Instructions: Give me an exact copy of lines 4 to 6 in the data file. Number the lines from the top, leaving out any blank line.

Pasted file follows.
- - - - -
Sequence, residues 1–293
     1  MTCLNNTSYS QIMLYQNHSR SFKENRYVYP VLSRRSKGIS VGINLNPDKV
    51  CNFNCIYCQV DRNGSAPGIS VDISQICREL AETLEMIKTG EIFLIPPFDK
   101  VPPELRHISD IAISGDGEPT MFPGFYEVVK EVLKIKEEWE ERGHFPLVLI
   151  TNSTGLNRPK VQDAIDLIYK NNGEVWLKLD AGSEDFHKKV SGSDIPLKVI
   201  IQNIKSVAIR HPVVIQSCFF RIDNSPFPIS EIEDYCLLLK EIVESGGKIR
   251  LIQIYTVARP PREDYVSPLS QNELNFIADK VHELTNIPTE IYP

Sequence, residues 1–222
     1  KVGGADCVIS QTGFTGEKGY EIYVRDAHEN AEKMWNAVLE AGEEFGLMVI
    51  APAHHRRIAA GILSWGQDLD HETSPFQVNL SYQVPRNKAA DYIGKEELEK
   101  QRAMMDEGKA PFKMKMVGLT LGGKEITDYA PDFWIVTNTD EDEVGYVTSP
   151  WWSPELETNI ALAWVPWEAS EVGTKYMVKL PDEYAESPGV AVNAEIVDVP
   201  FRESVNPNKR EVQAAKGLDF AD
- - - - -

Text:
   101  VPPELRHISD IAISGDGEPT MFPGFYEVVK EVLKIKEEWE ERGHFPLVLI
   151  TNSTGLNRPK VQDAIDLIYK NNGEVWLKLD AGSEDFHKKV SGSDIPLKVI
   201  IQNIKSVAIR HPVVIQSCFF RIDNSPFPIS EIEDYCLLLK EIVESGGKIR